September 29, 2008 / 8:26 PM / 9 years ago

Canadian bonds surge as investors seek safe haven

*Canadian bond market set for more gains on safety bid

*Canadian dollar slips 1.1 percent against greenback

*Chance of rate cut seen jumping as uncertainty rises

TORONTO, Sept 29 (Reuters) - Canadian bond prices rallied on Monday as investors exited equities en masse after U.S. lawmakers rejected the proposed $700 billion bailout package for the ailing financial sector.

A plunge in energy prices weighed on the commodity-linked Canadian dollar, which had fallen 1.1 percent against the U.S. dollar by the end of the North American session.

The Toronto Stock Exchange closed down 840 points, with 300 points evaporating in just a few minutes after the U.S. House of Representatives rejected the U.S. Troubled Asset Relief Program See [ID:nLT436737], which was intended to bring relief to the financial sector and get credit markets moving again.

The uncertainty fueled a powerful rally in the bond market as investors sought relatively secure government debt.

“This bill was more or less assumed to go through. Now that it hasn’t it’s left a big question mark as to what the (U.S.) Treasury will do, so there’s really a massive flight to safety,” said Charmaine Buskas, senior economics strategist at TD Securities.

She said the bond market was likely set for more gains as as long as the uncertainty remains.

The two-year bond rose 59 Canadian cents to C$100.42 to yield 2.549 percent. The two-year yield most closely reflects where the market thinks the Bank of Canada’s key lending rate should be. The perceived chance of a quarter-point Bank of Canada rate cut jumped to 92 percent on Monday from around 50 percent on Friday, according to market data from Thomson Reuters [BOCWATCH]

The 10-year bond gained $1.60 Canadian cents to C$106.05 to yield 3.506 percent.

The yield spread between the two-year and the 10-year bond was 113 basis points, up from 87.3 basis points at the previous close.

The 30-year bond jumped C$2.20 to C$116.30 for a yield of 4.024 percent. In the United States, the 30-year Treasury yielded 4.159 percent.

The three-month when-issued T-bill yielded 1.75 percent, down from 1.90 percent at the previous close.

CANADIAN DOLLAR SLIDES WITH OIL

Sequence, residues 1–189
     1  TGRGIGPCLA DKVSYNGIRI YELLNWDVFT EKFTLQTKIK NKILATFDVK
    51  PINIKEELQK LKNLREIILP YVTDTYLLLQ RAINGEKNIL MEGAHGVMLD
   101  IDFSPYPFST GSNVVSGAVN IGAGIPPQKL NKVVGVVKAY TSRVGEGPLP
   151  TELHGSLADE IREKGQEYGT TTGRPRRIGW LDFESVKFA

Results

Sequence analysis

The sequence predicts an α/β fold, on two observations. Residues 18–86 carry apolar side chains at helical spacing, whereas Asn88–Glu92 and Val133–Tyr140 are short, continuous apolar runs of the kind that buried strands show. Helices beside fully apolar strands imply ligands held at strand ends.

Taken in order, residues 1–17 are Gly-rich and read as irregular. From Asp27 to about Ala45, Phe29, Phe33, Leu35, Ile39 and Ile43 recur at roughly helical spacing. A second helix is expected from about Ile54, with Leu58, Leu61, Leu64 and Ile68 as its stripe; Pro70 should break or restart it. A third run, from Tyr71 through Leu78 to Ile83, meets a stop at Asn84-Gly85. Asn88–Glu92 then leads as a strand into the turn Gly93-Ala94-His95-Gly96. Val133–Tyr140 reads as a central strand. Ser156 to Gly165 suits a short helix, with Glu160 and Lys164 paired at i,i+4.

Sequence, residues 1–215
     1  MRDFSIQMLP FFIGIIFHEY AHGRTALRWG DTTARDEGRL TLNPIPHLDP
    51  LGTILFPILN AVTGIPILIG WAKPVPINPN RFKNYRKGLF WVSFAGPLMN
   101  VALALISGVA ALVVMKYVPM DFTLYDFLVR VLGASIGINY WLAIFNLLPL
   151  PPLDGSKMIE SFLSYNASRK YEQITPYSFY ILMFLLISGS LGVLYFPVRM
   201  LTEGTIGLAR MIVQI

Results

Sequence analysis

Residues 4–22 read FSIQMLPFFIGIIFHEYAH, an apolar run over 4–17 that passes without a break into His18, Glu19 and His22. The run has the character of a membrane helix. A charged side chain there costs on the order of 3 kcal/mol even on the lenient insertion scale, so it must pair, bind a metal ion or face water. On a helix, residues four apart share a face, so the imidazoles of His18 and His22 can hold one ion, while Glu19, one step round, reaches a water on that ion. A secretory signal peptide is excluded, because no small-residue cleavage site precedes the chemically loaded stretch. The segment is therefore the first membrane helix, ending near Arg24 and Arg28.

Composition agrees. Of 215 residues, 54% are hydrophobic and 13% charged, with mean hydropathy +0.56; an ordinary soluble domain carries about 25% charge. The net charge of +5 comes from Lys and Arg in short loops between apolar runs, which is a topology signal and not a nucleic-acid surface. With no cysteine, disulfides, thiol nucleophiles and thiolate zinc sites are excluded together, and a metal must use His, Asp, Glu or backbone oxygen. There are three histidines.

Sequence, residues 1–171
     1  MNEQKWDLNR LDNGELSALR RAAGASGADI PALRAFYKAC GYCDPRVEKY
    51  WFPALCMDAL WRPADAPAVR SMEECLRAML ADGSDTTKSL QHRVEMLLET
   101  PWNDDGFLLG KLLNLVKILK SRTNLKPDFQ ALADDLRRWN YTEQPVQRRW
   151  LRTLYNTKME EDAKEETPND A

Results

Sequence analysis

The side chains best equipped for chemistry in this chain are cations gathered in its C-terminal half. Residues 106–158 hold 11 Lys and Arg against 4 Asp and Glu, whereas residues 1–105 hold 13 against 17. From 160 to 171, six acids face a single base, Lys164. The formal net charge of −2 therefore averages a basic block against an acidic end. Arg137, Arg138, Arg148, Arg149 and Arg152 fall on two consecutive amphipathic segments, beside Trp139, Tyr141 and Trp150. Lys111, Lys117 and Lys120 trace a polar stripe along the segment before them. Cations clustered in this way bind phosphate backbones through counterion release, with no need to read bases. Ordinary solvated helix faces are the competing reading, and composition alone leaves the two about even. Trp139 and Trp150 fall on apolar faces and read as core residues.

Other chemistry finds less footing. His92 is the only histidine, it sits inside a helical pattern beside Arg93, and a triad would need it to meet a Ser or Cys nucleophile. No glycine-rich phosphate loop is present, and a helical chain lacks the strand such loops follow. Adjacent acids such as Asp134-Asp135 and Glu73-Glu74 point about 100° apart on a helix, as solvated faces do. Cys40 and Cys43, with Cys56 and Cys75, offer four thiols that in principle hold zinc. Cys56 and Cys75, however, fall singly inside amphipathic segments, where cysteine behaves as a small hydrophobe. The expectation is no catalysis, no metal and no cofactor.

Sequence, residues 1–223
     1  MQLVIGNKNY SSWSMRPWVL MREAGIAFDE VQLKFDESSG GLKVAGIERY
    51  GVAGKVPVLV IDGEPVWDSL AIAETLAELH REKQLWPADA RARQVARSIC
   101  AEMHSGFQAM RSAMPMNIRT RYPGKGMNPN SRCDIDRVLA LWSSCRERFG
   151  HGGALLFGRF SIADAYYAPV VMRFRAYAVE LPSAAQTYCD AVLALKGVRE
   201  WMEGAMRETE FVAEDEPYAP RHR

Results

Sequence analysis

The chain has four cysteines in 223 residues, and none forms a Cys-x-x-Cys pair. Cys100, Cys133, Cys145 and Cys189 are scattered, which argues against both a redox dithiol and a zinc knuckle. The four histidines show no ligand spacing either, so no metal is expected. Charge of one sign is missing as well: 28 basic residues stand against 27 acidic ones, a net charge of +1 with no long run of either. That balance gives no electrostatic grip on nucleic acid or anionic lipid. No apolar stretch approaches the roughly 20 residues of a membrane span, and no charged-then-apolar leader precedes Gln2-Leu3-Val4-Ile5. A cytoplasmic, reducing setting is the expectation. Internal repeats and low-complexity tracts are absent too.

The Canadian dollar ended the session at its lowest point in a week at C$1.0439 to the U.S. dollar, or 95.79 U.S. cents. That compared to C$1.0328, or 96.82 U.S. cents, at Friday’s close.

Concerns over the global economic outlook have put a dent in commodity prices with U.S. crude oil CLc1 down well over $11 to below $96 a barrel. As a major exporter of oil and metals, the Canadian dollar often moves in line with resource prices.

“Given that even (U.S. Federal Reserve Chairman Ben) Bernanke has said that if we didn’t get this done, the economic outlook goes from bleak to dire, I think that is one of those things that is starting to weigh on oil prices more definitively, and has the potential to weigh on CAD.”

Before the bailout was rejected, there were more financial market disruptions, with Citigroup Inc C.N swooping in to acquire the bulk of Wachovia Corp’s WB.N assets and liabilities. See [ID:nN29469599].

Europe was also showing cracks, with the Belgian, Dutch and Luxembourg governments jumping to nationalize parts of banking and insurance group Fortis FOR.BR, saying it is too big to let fail. They injected 11.2 billion euros in a bid to prevent U.S.-style financial contagion engulfing one of the continent’s top 20 banks. See [ID:nLT408294]

In Canada, the central bank moved to increase U.S. dollar liquidity in Canadian markets by expanding its swap facility with the U.S. Federal Reserve to US$30 billion from US$10 billion as part of a coordinated action by global central banks to grease seized-up money markets. See [ID:nN29376861] (Reporting by John McCrank; Editing by Peter Galloway)

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